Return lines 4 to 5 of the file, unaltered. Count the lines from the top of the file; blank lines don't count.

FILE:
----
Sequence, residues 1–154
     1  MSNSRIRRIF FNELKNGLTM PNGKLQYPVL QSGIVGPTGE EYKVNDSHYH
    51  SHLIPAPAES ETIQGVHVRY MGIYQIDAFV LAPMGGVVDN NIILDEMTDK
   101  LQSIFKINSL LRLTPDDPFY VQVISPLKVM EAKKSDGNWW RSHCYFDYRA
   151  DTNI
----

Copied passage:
   101  LQSIFKINSL LRLTPDDPFY VQVISPLKVM EAKKSDGNWW RSHCYFDYRA
   151  DTNI